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Congestion pricing in Atlanta? Weigh this option carefully, but with urgency

You’ve probably seen the news that New York City will likely adopt congestion pricing in order to bring fewer cars into Manhattan, and to aid public transit. Several big cities worldwide have implemented versions of pricing, and other U.S. cities are already looking into it as well. What about Atlanta?

The Atlanta City Council Facebook account posted a poll last week about whether or not Atlanta should look into it, asking: “New York City will be the first American city to implement congestion pricing to ease traffic congestion. Should the city of Atlanta implement a similar tax?”

With over 400 votes on the City Council poll, “Yes” is in the lead by a wide margin. (And at least one Councilmember is already on board with studying implementation of pricing for certain districts.)

Facebook poll with Yes in the lead

But in the comments for the poll, there are some solid concerns raised about a congestion tax not being appropriate until public transit is expanded as an alternate. A few samples from the post:

  • “[Amanda Rose] We need better public transportation before this would work”
  • “[Michael Polacek] Makes sense cause NYC has efficient public transit but Atlanta?….”
  • “[Marcus Jabreel Johnson-Westbrook] Why would Atlanta want to do this? Our mass transit infrastructure isn’t ready.”
  • “[Anderson W St. James] Atlanta lacks the proper public transit for this to work.”

A lot of people are understandably concerned about any move that could make it harder to drive into the city, since most of the Atlanta region is built in a very car-dependent design that’s hard to serve with transit. Many people here don’t have good access to buses and rail options.

To illustrate, see this map below. It was published in an excellent Streetsblog post a couple of years ago which details the low access people have to jobs in the Atlanta region by transit. Very few of the region’s residents have access to more than 50,000 jobs within a 30-minute transit trip.

Connection of jobs to transit

With the ability to get to work (and other destinations in the center city) being so dependent on driving, it’s no wonder that people would oppose congestion pricing. 

And with the growth of low-income population in the suburbs of Atlanta, the issue involves equity as well. Between 2000 and 2013, poverty in Atlanta’s suburbs had the highest rate of growth of any similar-sized region in the nation. Are we punishing lower-income people if driving into Downtown becomes more expensive?

These questions and concerns are important ones to address before we look into putting a price on driving into the city during peak congestion times. But complicating things further is the need for speed on the matter. 

Reducing car trips is important for addressing climate change. We absolutely cannot halt global warming unless we reduce driving. And it’s important for addressing the health of children in the region – particularly lower-income, non-white ones.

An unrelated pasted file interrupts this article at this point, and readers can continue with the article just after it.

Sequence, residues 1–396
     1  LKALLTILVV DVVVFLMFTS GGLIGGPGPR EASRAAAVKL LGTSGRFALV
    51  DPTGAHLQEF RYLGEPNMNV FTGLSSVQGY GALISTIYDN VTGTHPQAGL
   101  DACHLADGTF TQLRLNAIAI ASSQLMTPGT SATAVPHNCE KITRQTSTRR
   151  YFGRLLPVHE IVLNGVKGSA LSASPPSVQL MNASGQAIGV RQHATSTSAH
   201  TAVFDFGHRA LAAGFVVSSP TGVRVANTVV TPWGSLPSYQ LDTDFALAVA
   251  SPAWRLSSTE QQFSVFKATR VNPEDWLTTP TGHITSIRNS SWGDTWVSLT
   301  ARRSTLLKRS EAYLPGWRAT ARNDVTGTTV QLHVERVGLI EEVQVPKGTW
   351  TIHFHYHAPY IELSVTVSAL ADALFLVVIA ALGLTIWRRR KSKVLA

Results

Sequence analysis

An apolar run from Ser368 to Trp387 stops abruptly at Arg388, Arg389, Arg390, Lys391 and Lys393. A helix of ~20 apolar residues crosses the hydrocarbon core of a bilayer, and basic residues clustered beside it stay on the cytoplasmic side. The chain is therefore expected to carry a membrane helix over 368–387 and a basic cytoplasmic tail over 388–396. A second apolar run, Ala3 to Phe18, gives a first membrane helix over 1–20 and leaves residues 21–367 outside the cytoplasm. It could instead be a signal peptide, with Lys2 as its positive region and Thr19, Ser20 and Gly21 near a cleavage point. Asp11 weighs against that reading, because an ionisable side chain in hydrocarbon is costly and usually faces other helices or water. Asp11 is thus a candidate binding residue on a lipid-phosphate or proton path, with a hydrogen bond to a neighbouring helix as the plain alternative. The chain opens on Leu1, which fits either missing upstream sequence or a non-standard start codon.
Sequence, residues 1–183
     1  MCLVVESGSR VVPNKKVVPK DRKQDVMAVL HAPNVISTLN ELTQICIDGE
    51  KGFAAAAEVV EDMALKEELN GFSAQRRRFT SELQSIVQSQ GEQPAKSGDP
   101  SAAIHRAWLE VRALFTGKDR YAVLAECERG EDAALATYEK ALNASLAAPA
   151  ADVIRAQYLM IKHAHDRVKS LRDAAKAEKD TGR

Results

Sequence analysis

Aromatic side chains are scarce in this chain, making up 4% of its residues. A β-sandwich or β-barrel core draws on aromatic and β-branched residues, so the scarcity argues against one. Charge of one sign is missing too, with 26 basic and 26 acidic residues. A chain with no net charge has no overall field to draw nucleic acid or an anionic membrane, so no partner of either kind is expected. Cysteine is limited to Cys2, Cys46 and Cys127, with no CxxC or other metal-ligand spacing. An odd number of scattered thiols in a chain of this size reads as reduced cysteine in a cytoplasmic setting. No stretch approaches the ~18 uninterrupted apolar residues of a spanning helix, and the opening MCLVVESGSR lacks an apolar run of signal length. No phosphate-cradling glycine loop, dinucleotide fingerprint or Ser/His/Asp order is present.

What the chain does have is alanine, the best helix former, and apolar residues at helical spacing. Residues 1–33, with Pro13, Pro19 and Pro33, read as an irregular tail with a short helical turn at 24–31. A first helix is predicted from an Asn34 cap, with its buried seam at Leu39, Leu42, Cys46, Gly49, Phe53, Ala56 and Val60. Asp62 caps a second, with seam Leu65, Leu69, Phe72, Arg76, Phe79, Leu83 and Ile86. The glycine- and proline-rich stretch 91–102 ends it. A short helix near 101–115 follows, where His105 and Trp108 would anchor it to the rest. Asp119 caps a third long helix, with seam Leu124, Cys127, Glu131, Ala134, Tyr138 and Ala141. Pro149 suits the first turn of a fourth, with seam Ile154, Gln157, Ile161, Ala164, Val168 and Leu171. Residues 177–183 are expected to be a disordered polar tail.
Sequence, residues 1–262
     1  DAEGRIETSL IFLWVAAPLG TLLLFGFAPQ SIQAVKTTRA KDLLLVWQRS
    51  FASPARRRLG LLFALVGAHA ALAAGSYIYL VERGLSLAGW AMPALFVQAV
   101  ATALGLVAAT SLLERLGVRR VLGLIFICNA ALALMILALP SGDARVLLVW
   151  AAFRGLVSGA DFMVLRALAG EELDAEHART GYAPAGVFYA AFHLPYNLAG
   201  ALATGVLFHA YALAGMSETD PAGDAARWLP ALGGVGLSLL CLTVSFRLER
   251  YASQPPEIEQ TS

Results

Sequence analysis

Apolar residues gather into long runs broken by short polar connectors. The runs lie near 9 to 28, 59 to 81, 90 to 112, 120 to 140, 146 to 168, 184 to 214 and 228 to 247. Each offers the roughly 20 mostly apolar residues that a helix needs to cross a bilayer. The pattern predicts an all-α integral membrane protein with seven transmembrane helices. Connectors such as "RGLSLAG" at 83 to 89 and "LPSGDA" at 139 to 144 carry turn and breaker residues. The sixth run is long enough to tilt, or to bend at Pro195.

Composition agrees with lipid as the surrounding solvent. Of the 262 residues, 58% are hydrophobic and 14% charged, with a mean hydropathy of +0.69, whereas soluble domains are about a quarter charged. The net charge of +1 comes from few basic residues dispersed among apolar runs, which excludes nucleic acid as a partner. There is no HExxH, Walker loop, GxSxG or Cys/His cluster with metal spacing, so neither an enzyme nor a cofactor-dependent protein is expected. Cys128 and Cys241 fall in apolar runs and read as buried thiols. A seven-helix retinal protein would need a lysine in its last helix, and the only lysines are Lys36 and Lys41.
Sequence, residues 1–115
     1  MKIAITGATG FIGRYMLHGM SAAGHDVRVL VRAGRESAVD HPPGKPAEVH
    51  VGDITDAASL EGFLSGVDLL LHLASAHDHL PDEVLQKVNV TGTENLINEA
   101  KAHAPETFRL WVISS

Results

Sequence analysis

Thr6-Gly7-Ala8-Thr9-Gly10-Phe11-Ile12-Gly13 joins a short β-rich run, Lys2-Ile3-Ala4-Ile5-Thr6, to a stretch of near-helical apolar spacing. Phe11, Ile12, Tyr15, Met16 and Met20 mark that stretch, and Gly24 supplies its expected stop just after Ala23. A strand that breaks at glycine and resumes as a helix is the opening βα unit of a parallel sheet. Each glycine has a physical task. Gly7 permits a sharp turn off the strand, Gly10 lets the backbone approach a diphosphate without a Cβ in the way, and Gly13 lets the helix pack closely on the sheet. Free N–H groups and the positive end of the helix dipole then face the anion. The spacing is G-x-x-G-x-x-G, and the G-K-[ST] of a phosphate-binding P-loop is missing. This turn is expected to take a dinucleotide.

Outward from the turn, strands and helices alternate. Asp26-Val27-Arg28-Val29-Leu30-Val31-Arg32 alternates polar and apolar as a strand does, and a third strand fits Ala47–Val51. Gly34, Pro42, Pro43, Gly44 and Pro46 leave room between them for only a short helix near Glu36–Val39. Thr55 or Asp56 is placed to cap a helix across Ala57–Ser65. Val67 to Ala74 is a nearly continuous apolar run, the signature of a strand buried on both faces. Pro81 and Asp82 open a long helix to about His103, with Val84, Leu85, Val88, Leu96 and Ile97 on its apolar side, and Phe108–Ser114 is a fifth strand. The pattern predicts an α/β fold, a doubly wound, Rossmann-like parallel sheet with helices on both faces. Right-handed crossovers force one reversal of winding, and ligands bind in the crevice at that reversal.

The connection between good health and reducing car trips is strong

We know that car pollution hurts kids by way of asthma.

A new study indicates that as many as four million cases of childhood asthma worldwide could be caused by air pollution from traffic, about 240,000 of them being in the U.S.

We know that car pollution causes developmental delay in kids.

When researchers recently studied children’s exposure to ozone and fine inhalable particles, two pollutants produced by car traffic, they found that living closer to a major roadway is “associated with almost two times the risk of having a communication delay by the time the baby is 3 years old.”

We know that low-income, non-white kids are exposed more to pollution.

The findings of Yale University research show a widening racial and economic gap when it comes to air pollution, with communities of color and those with high poverty facing greater health risks.

We know that taxing car trips is successful in reducing them.

When Stockholm, Sweden introduced a congestion tax to discourage driving in the center of town, traffic eased and the pollution level dropped – and the rate of asthma attacks among local children decreased by nearly 50 percent.

What should Atlanta do? Study pricing and other options carefully, but quickly

Atlanta needs some very open, honest conversation about addressing the way that measures like congestion pricing could be punitive for the many lower income people who can only afford to live in car-dependent suburbs. If the conversation is being led by privileged intowners, that’s wrong. It’s got to be inclusive and sympathetic, and we need thoughtful study of the potential for pricing.

But it also needs to be urgent. 

We’ve got an imperative to reduce the harm of changes in transportation policy upon people with low incomes, but also to address the sprawl, congestion, and emissions that are a burden on them and everyone else. Maybe congestion pricing isn’t right for us now, and maybe other things need to be tried first. After all, New York City tried pretty much every idea out there before giving in to the last resort of congestion pricing. But something needs to happen in Atlanta, and soon.

Car-dependent sprawl and emissions are serious climate issues and health issues (regarding health, we haven’t even touched on deadly collisions with pedestrians yet). Anything involving natural and health catastrophes impacts the most vulnerable among us the hardest, and is deserving of high priority from leaders. Even if it means making hard decisions about how much we drive in a car-centric region.